Getting your hands on an undisclosed expert report by Ian Miller

When the other side wants to change expert are you entitled to their original expert’s reports and other documentation containing the substance of the expert’s opinion? This was the question considered in the case Allen Tod Architecture v Capita Property and Infrastructure Ltd ([2016] EWHC 2171) - a professional negligence claim by an architect against a structural engineer in the TCC.... [Continue Reading]

Compromise by Saleem Khalid

Robert Louis Stevenson said that “Compromise is the best and cheapest lawyer”.  Nevertheless, we are often used in order to effect a compromise.  Sometimes, the attempt to settle per se becomes the source of litigation and so it was in last month’s case of DB UK Bank v Jacobs Solicitors (2016) EWHC 1614. The main proceedings entailed the Claimant Bank bringing a claim... [Continue Reading]

When is a Claimant liable for pre-action costs? by Zachary Bredemear

Section 51 of the Senior Courts Act 1981 confers discretion on the court in respect of “the costs of and incidental to all proceedings”. It has long been understood that the reference to costs “of and incidental” to proceedings covers pre-action costs. A recent decision illustrates how the jurisdiction to award pre-action costs works in practice and highlights the differenc... [Continue Reading]

Friends become Enemies aka The Dangers of Free Advice by Saleem Khalid

  We were often warned against giving legal advice to our friends.  As professionals, if we give advice of a professional nature, there is (surprisingly to me) a distinct possibility that it will be relied upon.  This accords with the well-established Hedley Byrne doctrine of liability for the assumption of responsibility.  When giving advice, this liability can arise even if w... [Continue Reading]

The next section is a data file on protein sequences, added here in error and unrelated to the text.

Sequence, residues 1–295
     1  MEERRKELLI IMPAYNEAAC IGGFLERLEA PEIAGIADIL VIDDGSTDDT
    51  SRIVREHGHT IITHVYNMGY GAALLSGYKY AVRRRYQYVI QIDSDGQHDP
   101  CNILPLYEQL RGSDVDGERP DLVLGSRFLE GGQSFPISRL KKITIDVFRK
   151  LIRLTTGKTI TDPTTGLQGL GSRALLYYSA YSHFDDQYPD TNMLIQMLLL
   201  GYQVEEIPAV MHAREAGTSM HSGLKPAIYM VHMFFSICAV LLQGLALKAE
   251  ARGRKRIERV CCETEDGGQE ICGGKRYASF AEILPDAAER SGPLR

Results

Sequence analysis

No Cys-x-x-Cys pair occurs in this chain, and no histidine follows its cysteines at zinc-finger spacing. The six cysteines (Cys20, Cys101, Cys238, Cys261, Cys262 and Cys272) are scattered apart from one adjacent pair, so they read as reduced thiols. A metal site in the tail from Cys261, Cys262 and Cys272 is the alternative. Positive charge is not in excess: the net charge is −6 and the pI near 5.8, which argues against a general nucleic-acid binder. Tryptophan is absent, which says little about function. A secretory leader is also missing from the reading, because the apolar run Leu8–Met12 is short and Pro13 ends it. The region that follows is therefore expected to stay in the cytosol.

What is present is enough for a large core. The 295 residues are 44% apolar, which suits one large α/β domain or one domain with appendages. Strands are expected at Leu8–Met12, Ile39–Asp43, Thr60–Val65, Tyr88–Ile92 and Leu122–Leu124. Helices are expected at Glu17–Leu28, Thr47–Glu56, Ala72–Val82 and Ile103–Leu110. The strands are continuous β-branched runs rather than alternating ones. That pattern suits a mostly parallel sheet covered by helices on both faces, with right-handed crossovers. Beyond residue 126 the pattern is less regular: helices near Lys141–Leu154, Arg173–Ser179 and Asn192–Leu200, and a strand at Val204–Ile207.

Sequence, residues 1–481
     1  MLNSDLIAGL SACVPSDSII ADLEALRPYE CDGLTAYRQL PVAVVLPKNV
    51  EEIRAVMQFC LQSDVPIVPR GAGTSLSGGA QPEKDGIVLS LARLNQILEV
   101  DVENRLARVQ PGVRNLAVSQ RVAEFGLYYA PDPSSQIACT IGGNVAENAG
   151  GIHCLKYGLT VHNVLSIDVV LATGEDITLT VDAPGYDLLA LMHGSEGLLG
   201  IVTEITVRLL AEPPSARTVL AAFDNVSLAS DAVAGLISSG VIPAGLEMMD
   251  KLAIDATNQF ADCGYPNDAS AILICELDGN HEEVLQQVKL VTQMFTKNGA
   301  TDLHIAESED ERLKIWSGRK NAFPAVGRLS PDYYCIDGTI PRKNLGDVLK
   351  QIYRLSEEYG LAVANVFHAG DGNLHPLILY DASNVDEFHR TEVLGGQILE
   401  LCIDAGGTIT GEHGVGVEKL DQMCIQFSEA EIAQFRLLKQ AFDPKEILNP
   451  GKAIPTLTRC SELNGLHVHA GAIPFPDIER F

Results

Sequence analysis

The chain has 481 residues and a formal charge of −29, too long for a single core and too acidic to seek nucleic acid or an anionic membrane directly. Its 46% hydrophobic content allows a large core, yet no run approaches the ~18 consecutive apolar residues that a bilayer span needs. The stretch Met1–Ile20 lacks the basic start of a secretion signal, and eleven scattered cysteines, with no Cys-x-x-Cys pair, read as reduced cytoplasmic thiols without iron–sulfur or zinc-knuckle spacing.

Property fraud - liability of seller's solicitor to innocent buyer by Andrew Spencer

Purrunsing v A’Court & Co and House Owners Conveyancers [2016] EWHC 789 (Ch) is the latest case concerning conveyancing solicitors’ liabilities towards innocent victims of property fraud. It considers the question of the purported seller’s potential liability to an innocent purchaser and how the nature and extent of the test for relief under Section 61 of the Trustee Act 1925... [Continue Reading]

All's Well That End's Well? by Katie Ayres

    The Court of Appeal recently handed down judgment in Bacciottini and another v Gotelee and Goldsmith (a firm) [2016] EWCA Civ 170. Bacciottini turned out to be one of those cases that was far more simple than it first appeared (and in the end became all about the costs of the litigation which, as usual had taken on a life of its own). Davis LJ’s judgment goes ‘back to ba... [Continue Reading]

Crystal ball gazing: how does a judge assess loss of chance? by Karen Shuman

You can prove that a past event has happened but you cannot prove that a future event will happen. When the actions of a third party are relevant all that can be done is to evaluate the chance of that event happening. So when a claimant has proved as a matter of causation a real or substantial chance rather than a speculative chance of an event or events happening how does a court evaluate that lo... [Continue Reading]

Liability of third party funders / coverage re. costs in PL policies by John Ross QC

The Court of Appeal handed down a judgment in the case of Legg & Ors v. Aviva [2016] EWCA Civ 97 yesterday. The case concerned the scope and application of the rule relating to a party’s ability to secure an adverse costs order against a third party who funded the unsuccessful claim by a claimant /defence of a defendant.  Additionally it concerned the proper approach to the interpre... [Continue Reading]

Aspect Contracts – Adjudication Assessed… by Saleem Khalid Contracts – Adjudication Assessed…       The Supreme Court finally had an opportunity to consider the adjudication regime in the case of Aspect Contracts (Asbestos) Limited v Higgins Construction Plc [2015] 1 WLR 2961.   Although this case is from as long ago as 2015, I had to cite it in Court last week and remembered that it was one that I should have inclu... [Continue Reading]

Caught out by the court fee: a forewarning on issuing claims protectively by Max Wilson

Facts The case of Richard Lewis & Others v Ward Hadaway [2015] EWHC 3503 (Ch) concerned 31 professional negligence claims brought against a firm of solicitors relating to conveyancing transactions. In the pre-action correspondence, the individual claims were each valued in the hundreds of thousands with a collective worth of £9 million. However, when the Claimants’ solicitors f... [Continue Reading]

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Professional Disciplinary News

New chambers' supervision strategy launched